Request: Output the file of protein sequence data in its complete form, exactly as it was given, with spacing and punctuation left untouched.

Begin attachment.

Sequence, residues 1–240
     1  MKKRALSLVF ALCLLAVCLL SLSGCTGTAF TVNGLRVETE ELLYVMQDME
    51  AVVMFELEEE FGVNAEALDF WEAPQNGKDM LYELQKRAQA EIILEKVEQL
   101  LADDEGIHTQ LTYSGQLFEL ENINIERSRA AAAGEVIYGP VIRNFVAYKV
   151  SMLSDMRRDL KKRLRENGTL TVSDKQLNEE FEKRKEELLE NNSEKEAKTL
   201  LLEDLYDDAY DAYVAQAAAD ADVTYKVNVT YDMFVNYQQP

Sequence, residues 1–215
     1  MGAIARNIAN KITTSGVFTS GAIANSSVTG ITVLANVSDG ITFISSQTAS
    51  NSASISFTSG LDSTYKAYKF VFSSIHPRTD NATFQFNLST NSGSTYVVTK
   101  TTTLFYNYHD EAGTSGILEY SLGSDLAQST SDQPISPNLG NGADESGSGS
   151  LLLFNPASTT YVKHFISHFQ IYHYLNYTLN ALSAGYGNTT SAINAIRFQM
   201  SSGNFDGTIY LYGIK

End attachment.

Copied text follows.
Sequence, residues 1–240
     1  MKKRALSLVF ALCLLAVCLL SLSGCTGTAF TVNGLRVETE ELLYVMQDME
    51  AVVMFELEEE FGVNAEALDF WEAPQNGKDM LYELQKRAQA EIILEKVEQL
   101  LADDEGIHTQ LTYSGQLFEL ENINIERSRA AAAGEVIYGP VIRNFVAYKV
   151  SMLSDMRRDL KKRLRENGTL TVSDKQLNEE FEKRKEELLE NNSEKEAKTL
   201  LLEDLYDDAY DAYVAQAAAD ADVTYKVNVT YDMFVNYQQP

Sequence, residues 1–215
     1  MGAIARNIAN KITTSGVFTS GAIANSSVTG ITVLANVSDG ITFISSQTAS
    51  NSASISFTSG LDSTYKAYKF VFSSIHPRTD NATFQFNLST NSGSTYVVTK
   101  TTTLFYNYHD EAGTSGILEY SLGSDLAQST SDQPISPNLG NGADESGSGS
   151  LLLFNPASTT YVKHFISHFQ IYHYLNYTLN ALSAGYGNTT SAINAIRFQM
   201  SSGNFDGTIY LYGIK